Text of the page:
Lynnet blushed, looking embarrassed. Basil was about to come to her defense when her father spoke up.
"My dear, we need to keep an open mind."
Lord Wilfgive's high-pitched, tenor voice seemed excessively conciliatory. In size, Lynnet's father was only a couple of inches taller than his daughter. His wife towered over both. Despite his well-known reputation as a scholar, on the short-legged stool he seemed insignificant. The exception was the quality of his clothing. That was designed to impress.
"We should hear what the sheriff has to say," Lord Geoffrey said.
Everyone's attention focused on Basil. When Lady Lynnet turned towards where he stood, his heart speeded up despite his intention to be disinterested. He cleared his throat.
"I'm investigating a series of robberies from the Tower."
His bass voice reverberated against the stone walls, making him self-conscious. This was the aspect of his occupation he liked the least. A man of action, words were a second choice.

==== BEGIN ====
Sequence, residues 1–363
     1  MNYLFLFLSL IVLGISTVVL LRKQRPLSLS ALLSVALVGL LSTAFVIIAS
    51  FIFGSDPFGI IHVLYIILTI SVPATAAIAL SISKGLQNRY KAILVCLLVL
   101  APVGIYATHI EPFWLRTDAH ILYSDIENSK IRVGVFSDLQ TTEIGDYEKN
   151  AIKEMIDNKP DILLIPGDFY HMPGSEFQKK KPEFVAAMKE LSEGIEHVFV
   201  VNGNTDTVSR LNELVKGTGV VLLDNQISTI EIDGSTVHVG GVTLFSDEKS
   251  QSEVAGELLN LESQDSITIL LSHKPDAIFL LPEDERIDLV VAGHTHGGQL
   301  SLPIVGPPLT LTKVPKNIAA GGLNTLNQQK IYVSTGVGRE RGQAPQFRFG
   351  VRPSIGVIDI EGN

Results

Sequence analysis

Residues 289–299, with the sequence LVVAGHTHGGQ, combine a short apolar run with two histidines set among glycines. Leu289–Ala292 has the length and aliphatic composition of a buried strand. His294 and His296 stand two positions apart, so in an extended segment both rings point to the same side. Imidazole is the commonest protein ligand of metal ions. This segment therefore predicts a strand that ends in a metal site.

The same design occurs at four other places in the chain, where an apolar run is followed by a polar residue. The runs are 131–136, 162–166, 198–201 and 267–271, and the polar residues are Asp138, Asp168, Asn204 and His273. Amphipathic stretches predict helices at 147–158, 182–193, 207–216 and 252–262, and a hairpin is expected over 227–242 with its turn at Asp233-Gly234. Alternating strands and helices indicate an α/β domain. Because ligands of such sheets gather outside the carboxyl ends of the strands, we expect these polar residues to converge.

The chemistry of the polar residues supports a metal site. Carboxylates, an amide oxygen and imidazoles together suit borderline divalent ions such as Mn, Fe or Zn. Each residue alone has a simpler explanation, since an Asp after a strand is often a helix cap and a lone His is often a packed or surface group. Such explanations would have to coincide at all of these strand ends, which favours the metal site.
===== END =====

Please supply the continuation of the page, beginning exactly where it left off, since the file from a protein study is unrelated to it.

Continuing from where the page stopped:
"It's possible this abduction had nothing to do with yesterday. Perhaps the thieves saw your daughter as an easy prey for kidnapping and a ransom."
Geoff pushed himself abruptly away from the wall, seeming to startle Lynnet. He ran his fingers through his hair as if agitated.
"But she heard someone speak of chaos in the kingdom. We can't take lightly anything that touches on the king."
Before Basil could assure Geoff that action would be taken, her father spoke up.
"You haven't known us long, Baron. Our daughter hears voices that no others hear. It started after illness caused her blindness."
Basil watched Lynnet's face flush beet-red.
"Father, I'm blind, not deaf. My hearing is better than yours. Most times, what I hear can be explained."
"But there are other times, Daughter. This may be one of them."
Basil's stomach gave a twist as if he was the one under attack. Lynnet was being made to look foolish in front of her friends and him. He cleared his throat.
"I'll look into both your daughter's kidnapping and the conspiracy," he assured them.
Geoff leaned back against the wall as if satisfied.
Lady Durwyn started pacing, something a noble woman never did in company. The train of her purple woolen kirtle dragged against the flagstones. It demonstrated the intensity of her distress as she spoke.
"I don't want to be embroiled in lengthy investigations."
"I'll do my best to shield you during my inquiries."
The husband calmed his wife, his voice soothing.
"See, my dear, the sheriff will handle everything. We don't have to be involved."
Not involved? Your own daughter's life is at stake.